And JUST LIKE THAT, it’s finally Winter. Ready to feel even colder?
The story, like many of our Throwback Thursday tales, begins with the Amoskeag Manufacturing Company. According to the Manchester City Library, Amoskeag opened a quarry, in what is now Derryfield Park in the late 1800s 1 . “Granite was brought from the “Ledge” to be used as foundations for the mill buildings which are still evident in the Millyard today.” 1 A natural spring beneath the ledge eventually led it to fill with water. That’s when the fun began….
See, here in New Hampshire, we have no choice but to embrace the cold as we have to live with it for a good part of the year. Back in the 1920s it was no different! That’s how the Amoskeag Brownies began. John Clayton’s 2005 book, “You Know You’re in New Hampshire when…” explains it perfectly2 :
…By 1923 the New Year’s swim was coupled with a…Winter Carnival that carried over into January, and the Ledge–also known as the “City of Rocks”–shared top billing with the Brownies. Not only would the Brownies swim in sub-Artic conditions, but their daredevil divers pledged to plunge from the cliffs through carefully carved holes in the ice. Naturally the crowds converged–10,000 by some estimates–and the line between spectator and participant quickly blurred.2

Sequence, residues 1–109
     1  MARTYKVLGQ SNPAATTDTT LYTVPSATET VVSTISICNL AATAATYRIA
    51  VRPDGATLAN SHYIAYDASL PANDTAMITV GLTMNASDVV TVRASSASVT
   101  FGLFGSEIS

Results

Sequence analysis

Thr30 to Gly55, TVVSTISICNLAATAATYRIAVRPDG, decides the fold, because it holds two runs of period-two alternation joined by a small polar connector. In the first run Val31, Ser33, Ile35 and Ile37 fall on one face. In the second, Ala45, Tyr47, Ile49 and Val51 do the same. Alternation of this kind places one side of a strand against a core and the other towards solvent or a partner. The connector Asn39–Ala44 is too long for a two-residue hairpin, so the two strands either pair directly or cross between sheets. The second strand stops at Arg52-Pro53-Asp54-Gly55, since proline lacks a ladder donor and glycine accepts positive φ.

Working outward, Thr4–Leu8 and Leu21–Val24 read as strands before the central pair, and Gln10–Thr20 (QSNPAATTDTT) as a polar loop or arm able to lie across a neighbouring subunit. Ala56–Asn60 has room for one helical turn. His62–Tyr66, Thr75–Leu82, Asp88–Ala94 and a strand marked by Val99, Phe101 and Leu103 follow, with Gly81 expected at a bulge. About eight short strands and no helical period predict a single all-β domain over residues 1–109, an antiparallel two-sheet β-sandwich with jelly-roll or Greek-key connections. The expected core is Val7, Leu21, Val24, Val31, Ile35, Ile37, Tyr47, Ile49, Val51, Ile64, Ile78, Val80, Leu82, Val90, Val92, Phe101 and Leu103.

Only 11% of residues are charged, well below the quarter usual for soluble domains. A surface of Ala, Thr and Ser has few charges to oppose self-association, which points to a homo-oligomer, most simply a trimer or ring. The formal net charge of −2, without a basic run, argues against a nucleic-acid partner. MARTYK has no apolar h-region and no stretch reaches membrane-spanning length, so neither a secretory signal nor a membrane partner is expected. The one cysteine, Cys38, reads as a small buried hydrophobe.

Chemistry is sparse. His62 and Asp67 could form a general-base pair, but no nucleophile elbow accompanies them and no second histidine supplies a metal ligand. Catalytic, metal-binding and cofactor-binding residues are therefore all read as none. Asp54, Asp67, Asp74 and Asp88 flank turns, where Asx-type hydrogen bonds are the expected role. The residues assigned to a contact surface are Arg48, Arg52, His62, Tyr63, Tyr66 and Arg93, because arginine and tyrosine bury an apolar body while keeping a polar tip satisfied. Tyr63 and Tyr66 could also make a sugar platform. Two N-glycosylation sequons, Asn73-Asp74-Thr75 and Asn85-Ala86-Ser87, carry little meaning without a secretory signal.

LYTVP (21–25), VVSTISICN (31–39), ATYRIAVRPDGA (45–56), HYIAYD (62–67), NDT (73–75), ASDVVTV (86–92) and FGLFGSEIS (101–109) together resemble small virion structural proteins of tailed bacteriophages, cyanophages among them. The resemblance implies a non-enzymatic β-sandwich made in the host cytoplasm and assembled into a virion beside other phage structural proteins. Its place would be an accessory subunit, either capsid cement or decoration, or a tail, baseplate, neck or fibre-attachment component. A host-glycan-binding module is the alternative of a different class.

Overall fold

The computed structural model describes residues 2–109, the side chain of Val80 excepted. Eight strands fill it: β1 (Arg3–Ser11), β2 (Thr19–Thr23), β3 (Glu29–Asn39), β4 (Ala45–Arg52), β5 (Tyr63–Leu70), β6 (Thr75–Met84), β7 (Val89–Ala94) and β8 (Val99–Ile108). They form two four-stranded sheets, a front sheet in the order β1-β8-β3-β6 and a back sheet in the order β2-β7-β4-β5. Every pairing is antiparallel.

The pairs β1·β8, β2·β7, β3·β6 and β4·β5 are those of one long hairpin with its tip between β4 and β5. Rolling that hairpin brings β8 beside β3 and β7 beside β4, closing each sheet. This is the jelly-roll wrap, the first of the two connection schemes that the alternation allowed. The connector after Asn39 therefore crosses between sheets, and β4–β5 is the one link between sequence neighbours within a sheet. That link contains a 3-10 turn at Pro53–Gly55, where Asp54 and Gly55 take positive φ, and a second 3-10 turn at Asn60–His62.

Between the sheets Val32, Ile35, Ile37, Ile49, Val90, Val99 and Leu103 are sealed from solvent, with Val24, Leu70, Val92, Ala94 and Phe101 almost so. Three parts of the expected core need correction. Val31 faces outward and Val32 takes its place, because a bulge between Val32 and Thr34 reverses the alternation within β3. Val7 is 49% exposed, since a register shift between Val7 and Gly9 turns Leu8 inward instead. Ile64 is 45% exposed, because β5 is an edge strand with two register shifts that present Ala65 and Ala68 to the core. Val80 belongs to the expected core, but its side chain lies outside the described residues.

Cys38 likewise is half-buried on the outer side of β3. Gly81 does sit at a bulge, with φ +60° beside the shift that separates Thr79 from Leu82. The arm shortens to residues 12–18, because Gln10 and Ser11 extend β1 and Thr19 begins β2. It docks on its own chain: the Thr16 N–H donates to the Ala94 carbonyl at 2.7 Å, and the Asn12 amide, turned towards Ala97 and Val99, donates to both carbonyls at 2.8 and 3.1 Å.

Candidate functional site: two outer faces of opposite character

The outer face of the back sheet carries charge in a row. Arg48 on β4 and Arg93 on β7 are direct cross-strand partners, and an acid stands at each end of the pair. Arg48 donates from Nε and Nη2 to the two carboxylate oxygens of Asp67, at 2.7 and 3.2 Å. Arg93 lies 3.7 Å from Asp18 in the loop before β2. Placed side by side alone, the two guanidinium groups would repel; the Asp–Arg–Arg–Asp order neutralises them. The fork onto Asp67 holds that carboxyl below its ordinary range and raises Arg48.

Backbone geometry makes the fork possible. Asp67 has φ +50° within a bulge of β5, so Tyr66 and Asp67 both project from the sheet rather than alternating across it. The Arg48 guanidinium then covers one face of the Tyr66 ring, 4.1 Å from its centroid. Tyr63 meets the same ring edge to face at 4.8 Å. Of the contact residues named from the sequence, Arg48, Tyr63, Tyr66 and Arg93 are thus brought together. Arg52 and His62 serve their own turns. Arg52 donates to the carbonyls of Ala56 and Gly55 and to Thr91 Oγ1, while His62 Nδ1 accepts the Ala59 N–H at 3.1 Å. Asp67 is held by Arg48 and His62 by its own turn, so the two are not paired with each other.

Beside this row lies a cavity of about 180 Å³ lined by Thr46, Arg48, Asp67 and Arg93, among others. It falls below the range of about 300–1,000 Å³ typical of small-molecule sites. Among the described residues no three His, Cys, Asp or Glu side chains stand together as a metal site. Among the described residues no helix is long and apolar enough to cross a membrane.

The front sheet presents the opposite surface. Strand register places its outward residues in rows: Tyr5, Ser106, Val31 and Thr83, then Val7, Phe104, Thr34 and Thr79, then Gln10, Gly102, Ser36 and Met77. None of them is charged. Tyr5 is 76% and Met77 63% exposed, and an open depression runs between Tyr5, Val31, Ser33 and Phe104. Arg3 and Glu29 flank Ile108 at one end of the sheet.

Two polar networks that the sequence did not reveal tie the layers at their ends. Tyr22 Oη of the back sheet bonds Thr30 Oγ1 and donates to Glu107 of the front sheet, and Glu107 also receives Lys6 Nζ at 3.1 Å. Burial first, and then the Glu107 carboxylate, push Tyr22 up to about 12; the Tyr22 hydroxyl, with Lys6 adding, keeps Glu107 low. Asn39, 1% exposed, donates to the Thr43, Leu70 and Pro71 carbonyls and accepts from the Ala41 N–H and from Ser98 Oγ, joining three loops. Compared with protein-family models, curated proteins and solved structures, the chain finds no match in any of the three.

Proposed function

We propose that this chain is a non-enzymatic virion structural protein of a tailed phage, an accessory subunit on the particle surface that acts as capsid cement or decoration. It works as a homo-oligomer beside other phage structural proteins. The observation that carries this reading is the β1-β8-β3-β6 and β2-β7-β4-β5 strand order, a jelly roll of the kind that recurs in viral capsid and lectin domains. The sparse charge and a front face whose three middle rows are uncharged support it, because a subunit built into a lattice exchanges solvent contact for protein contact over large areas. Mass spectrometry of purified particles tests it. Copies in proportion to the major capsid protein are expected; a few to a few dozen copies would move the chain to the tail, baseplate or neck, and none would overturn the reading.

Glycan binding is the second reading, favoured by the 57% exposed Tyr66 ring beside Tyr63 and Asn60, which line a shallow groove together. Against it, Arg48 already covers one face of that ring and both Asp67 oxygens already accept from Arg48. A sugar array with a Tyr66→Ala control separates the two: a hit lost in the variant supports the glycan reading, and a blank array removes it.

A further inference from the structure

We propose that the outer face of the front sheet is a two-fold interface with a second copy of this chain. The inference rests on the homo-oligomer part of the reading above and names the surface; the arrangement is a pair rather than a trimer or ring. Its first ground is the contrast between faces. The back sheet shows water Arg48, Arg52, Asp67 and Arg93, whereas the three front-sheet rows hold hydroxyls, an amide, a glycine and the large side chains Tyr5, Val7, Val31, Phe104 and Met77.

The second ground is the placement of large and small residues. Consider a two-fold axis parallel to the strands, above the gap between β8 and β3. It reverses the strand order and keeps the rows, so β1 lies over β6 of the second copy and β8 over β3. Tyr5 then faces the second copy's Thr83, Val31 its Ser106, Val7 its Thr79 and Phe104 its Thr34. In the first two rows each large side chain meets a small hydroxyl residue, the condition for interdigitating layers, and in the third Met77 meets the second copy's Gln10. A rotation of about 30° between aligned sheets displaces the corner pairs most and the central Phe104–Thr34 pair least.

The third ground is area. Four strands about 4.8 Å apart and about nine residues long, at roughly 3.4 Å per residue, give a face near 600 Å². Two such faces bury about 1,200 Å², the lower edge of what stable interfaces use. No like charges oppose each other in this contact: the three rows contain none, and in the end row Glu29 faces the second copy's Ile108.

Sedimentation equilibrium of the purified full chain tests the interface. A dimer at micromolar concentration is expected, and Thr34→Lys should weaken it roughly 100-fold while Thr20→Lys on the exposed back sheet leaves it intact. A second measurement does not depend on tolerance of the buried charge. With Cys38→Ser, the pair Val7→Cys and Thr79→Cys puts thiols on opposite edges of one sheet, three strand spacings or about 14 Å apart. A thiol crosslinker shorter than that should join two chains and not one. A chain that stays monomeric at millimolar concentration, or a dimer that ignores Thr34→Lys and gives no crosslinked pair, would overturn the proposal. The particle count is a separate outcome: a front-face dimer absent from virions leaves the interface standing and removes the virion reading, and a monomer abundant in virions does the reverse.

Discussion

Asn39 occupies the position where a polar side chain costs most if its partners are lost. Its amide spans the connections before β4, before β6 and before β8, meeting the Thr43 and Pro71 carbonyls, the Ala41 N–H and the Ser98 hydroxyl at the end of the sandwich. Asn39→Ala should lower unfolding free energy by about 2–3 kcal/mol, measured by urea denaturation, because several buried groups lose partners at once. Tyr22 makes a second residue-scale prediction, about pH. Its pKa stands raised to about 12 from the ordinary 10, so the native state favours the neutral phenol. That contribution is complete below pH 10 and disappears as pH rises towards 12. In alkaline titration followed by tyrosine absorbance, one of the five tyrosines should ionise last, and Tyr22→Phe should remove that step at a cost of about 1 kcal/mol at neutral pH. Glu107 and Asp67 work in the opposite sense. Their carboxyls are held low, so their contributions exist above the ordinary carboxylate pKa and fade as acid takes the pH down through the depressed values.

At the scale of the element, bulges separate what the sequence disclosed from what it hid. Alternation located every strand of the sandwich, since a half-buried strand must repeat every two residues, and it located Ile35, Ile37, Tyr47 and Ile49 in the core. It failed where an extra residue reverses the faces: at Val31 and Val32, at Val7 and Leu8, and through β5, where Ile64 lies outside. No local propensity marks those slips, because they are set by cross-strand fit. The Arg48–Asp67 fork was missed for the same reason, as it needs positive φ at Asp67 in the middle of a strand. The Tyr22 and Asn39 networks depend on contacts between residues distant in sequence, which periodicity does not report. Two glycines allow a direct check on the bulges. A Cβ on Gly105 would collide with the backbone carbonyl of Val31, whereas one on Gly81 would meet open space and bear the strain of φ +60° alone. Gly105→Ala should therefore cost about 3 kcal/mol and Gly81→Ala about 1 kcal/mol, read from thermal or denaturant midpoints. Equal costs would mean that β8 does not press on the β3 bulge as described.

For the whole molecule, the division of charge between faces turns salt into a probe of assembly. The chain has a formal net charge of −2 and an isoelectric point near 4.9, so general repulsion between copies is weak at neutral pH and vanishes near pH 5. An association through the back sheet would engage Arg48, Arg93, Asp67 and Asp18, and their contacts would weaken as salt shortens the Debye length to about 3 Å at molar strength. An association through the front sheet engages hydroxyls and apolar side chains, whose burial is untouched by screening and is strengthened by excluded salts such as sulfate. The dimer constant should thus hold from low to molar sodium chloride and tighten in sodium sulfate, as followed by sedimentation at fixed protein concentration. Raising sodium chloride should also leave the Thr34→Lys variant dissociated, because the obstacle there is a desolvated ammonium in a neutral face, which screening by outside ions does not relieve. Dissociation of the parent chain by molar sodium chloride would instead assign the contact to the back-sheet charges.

By 1929, the event went all the way into March. In The Telegraph on March 12, 1929, they printed an article announcing the event.3 It wrote:
The Manchester Brownie Club will hold its annual winter carnival at the Amoskeag ledge on Sunday, March 17, at 2 o’clock. These famous swimmers and divers will feature an exhibition including introduction of the super-Brownies, a frolic, general swimming, fancy diving, 60 foot high diving and the 108 foot tree dive.3
Crazy, huh!? I can’t imagine witnessing this, let alone doing it!
Special thanks to:
(1): The Manchester Public Library. See article here.
(2): You Know You’re in New Hampshire When…: 101 Quintessential Places, People, Events, Customs, Lingo, and Eats of the Granite State by John Clayton, 2005. See book here.
(3): The Telegraph, March 12, 1929. “Brownies Club Winter Carnival.” See article here.
(4): Yankee Magazine. See original photo here.
(5): Manchester Historic Association. See their website here.